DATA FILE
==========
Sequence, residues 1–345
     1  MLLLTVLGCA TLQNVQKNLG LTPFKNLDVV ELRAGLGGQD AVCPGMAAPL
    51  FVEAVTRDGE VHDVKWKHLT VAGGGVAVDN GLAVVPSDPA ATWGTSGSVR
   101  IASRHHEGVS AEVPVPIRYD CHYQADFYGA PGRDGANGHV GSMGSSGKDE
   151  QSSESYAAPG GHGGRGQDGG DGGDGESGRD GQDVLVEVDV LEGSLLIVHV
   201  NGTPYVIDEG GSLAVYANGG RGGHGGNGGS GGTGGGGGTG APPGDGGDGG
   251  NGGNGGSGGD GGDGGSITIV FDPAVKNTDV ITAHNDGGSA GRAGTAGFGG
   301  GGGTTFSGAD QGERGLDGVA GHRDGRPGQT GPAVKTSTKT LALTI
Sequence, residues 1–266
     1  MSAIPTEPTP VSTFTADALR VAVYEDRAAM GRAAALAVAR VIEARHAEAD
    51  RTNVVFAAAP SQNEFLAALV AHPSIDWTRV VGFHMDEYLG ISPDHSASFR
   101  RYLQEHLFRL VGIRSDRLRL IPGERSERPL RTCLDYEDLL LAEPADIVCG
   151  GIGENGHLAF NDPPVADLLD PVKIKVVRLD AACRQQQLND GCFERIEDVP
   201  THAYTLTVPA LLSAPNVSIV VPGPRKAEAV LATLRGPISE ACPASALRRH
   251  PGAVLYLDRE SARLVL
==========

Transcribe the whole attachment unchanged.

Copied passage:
Sequence, residues 1–345
     1  MLLLTVLGCA TLQNVQKNLG LTPFKNLDVV ELRAGLGGQD AVCPGMAAPL
    51  FVEAVTRDGE VHDVKWKHLT VAGGGVAVDN GLAVVPSDPA ATWGTSGSVR
   101  IASRHHEGVS AEVPVPIRYD CHYQADFYGA PGRDGANGHV GSMGSSGKDE
   151  QSSESYAAPG GHGGRGQDGG DGGDGESGRD GQDVLVEVDV LEGSLLIVHV
   201  NGTPYVIDEG GSLAVYANGG RGGHGGNGGS GGTGGGGGTG APPGDGGDGG
   251  NGGNGGSGGD GGDGGSITIV FDPAVKNTDV ITAHNDGGSA GRAGTAGFGG
   301  GGGTTFSGAD QGERGLDGVA GHRDGRPGQT GPAVKTSTKT LALTI
Sequence, residues 1–266
     1  MSAIPTEPTP VSTFTADALR VAVYEDRAAM GRAAALAVAR VIEARHAEAD
    51  RTNVVFAAAP SQNEFLAALV AHPSIDWTRV VGFHMDEYLG ISPDHSASFR
   101  RYLQEHLFRL VGIRSDRLRL IPGERSERPL RTCLDYEDLL LAEPADIVCG
   151  GIGENGHLAF NDPPVADLLD PVKIKVVRLD AACRQQQLND GCFERIEDVP
   201  THAYTLTVPA LLSAPNVSIV VPGPRKAEAV LATLRGPISE ACPASALRRH
   251  PGAVLYLDRE SARLVL